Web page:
Audio & Illumination
By Dawn Klingensmith
hen Robert Perry was in the market to replace the 9-year-old metal halide lamps at the Ponds of Brookfield Ice Arena in Brookfield, Wis., one of his main concerns was the color that various types of lighting would cast onto the ice surface. "As a hockey player, there's a certain color of light that's comfortable for the eyes," he said.
Also of top concern was "consistency of lighting," he added, with the goal being "a complete bathing of the ice."
"We wanted natural, easy light on the eyes. We nailed it. We've had no complaints, only compliments," said Perry, who owns the arena.
The fluorescent lighting at the ice rink has perhaps drawn universal applause, but what constitutes "good" lighting, as well as what makes for good sound, is difficult to define, let alone achieve—though both are crucial aspects of athlete success and spectator satisfaction.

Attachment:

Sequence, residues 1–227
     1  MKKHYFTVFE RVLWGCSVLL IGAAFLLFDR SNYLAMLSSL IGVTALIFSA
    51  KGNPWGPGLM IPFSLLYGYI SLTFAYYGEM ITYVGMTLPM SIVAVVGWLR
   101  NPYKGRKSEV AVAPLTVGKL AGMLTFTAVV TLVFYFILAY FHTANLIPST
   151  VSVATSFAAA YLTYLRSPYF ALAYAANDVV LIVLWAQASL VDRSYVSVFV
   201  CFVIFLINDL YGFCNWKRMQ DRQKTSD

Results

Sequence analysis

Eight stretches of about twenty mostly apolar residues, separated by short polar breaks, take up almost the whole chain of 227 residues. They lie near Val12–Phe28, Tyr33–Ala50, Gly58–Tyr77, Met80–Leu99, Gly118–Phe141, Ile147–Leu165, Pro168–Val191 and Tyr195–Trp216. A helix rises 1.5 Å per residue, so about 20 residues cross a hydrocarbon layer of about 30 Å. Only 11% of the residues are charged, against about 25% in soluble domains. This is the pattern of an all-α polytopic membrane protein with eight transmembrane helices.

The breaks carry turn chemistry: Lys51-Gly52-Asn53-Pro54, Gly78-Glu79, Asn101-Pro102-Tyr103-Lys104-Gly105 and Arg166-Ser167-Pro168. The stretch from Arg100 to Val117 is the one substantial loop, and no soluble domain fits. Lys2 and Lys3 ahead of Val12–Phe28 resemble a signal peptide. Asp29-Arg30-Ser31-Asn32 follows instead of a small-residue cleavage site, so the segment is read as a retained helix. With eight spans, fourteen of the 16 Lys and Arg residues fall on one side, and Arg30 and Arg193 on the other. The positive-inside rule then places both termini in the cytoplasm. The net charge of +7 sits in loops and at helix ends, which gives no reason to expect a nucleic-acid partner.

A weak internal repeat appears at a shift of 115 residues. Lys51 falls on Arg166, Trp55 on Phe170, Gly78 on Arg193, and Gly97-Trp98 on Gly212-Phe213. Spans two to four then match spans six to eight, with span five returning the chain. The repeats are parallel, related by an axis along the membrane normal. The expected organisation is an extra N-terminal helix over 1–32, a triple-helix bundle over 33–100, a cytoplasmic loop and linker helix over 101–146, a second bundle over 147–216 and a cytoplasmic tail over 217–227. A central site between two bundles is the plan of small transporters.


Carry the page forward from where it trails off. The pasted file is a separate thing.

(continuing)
"Lighting is one of the critical things about a project, but if you talk to 10 people in the lighting industry, you'll get 10 different 'ideal' solutions," said Lou Verrone, an Atlanta-based regional distributor for the Manitowoc, Wis., manufacturer that produced the high-efficiency fluorescent lights for the Ponds of Brookfield.
And with sound systems, if you want high-quality music, for example, it sometimes comes at the expense of clear-sounding voices. That need not be the case, but so many variables come into play that there can be no one-size-fits-all solution. Audio engineering is an art as much as a science, and any system probably will require considerable tweaking before the installer and the end user are satisfied, with trial and error being part of that process.